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Risk of E-Cigarettes and Vaping: Is Vaping Better Than Smoking?

Risk of E-Cigarettes and Vaping: Is Vaping Better Than Smoking?

First created in 2003 as a safer alternative to smoking, e-cigarettes have gained popularity, especially among the youth. Users claim that it has helped them quit smoking and that it is a safe and healthy alternative. Despite these claims, the risk of e-cigarettes and vaping have not yet been studied thoroughly, particularly the long-term effects it may have on one’s health.

Before we talk about the risk of e-cigarettes and vaping, let us first find out how an e-cigarette works, and why people say it is much safer than smoking.

What Are E-Cigarettes?

E-cigarettes are battery-operated devices that people use to inhale the vapor. These devices use heated coils to vaporize the liquid that contains flavorings and usually contains nicotine as well. This is also why some e-cigarettes are called vapes, which is short for vaporizers.

E-cigarettes come in different forms, some look similar to cigarettes, others look like a USB flash drive, and more complex ones have refillable tanks and replaceable parts.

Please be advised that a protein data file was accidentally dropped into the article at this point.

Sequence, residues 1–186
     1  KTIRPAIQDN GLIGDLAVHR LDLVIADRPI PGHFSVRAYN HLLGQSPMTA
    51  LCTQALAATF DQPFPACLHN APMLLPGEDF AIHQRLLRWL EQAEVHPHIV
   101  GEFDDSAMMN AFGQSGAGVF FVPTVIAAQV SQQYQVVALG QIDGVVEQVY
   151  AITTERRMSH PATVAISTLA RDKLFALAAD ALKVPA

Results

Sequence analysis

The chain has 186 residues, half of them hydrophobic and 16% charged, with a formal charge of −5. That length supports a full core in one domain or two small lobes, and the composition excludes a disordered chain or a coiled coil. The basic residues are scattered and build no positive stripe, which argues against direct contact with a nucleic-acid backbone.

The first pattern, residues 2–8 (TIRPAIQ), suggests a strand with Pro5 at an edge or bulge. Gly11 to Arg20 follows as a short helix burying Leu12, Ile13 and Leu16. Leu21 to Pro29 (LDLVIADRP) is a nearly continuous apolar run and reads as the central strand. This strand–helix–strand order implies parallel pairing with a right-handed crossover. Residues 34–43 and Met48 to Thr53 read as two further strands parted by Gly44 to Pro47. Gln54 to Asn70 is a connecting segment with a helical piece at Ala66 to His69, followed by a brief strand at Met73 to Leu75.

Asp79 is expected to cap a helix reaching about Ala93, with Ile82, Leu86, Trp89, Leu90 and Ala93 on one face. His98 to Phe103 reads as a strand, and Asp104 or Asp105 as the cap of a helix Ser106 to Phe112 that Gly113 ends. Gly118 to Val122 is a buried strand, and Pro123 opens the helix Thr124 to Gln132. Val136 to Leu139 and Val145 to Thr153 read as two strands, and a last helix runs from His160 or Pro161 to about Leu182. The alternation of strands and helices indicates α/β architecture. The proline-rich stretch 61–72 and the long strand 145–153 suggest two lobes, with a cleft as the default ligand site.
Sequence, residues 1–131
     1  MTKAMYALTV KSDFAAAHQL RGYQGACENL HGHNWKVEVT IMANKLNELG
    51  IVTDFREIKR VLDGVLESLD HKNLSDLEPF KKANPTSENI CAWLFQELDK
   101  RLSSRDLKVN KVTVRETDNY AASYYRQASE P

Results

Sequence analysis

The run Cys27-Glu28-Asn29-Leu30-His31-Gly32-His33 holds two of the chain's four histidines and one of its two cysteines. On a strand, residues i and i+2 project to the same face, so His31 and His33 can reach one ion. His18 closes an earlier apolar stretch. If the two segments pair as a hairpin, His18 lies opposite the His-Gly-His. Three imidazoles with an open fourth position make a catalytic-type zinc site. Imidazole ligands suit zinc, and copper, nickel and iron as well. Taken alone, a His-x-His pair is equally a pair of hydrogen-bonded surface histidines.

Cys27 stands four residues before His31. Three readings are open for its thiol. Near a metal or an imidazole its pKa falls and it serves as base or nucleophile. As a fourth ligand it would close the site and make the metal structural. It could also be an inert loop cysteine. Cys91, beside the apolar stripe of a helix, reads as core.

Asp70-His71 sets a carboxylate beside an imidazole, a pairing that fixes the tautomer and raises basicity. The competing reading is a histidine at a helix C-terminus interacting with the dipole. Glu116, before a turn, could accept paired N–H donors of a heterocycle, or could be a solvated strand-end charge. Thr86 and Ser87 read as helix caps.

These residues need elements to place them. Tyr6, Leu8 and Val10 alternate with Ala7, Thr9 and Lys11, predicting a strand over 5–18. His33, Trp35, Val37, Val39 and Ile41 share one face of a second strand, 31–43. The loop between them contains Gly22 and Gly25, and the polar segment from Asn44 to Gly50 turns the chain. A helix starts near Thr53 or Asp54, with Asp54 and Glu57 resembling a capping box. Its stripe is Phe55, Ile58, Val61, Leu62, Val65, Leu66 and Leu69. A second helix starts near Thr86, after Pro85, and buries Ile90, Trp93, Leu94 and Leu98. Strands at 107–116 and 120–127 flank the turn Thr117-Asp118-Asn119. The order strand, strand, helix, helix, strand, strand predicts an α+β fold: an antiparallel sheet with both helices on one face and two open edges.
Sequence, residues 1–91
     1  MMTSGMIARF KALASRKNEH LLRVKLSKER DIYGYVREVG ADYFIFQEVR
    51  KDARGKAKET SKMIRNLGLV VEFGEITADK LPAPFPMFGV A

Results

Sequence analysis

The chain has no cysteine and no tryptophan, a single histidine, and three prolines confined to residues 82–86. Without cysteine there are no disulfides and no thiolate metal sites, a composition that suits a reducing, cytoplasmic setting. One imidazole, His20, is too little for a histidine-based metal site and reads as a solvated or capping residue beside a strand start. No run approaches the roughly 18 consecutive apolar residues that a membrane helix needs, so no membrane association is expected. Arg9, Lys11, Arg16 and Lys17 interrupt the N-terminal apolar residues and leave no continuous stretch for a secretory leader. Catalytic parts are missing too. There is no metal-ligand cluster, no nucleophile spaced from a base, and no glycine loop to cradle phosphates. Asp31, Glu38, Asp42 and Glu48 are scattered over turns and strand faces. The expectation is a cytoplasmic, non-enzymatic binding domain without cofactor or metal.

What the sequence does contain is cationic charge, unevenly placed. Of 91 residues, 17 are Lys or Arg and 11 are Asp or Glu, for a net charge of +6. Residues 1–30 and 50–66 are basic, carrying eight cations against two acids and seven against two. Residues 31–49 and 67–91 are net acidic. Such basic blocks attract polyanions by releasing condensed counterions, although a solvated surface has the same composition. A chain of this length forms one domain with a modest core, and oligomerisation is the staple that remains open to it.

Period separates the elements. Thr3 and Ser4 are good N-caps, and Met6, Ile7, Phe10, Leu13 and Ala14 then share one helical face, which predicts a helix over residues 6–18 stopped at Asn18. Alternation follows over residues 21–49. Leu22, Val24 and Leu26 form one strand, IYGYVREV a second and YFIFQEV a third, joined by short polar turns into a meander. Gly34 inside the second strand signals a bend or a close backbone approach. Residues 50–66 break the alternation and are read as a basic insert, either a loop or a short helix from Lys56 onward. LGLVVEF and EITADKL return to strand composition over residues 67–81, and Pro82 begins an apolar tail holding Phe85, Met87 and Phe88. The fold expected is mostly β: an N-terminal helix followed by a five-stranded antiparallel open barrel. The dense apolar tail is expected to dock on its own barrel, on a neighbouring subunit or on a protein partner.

Despite these differences in shape and size, all e-cigarettes use the same principle of heating up a liquid to create the “smoke” or vapor that users can inhale or “vape.”

What Makes Using E-Cigarettes Different?

The proponents of e-cigarettes argue that vaping is much safer than smoking since the liquid does not contain any harmful substances. Cigarettes contain a host of chemicals and carcinogens such as tar, formaldehyde, lead, arsenic, and ammonia, just to name a few. The liquid used for e-cigarettes, on the other hand, usually just contain flavorings, nicotine, and glycerin.

Users also say that secondhand smoke from vaping is harmless and does not pose a threat to people around them. In contrast, secondhand cigarette smoke has been found to cause cancer and a host of other diseases even to non-smokers.

Another aspect that users promote is that there is no long-lasting smell associated with vaping. The vape “smoke” itself can have a scent depending on the flavor, but it dissipates quickly and does not stick to clothes, hair, and skin. In contrast, cigarette smoke can leave a residue on clothes, skin, curtains, and even the walls of a home.

These factors have made e-cigarettes an appealing alternative to smokers who are trying to quit, as well as with young people.

What Is the Risk of E-Cigarettes and Vaping?

Despite these reported differences and safety associated with e-cigarettes, researchers have found risks associated with vaping.

First is the fact that nicotine is a highly addictive substance. Most e-cigarettes contain nicotine, and nicotine can cause the following health problems: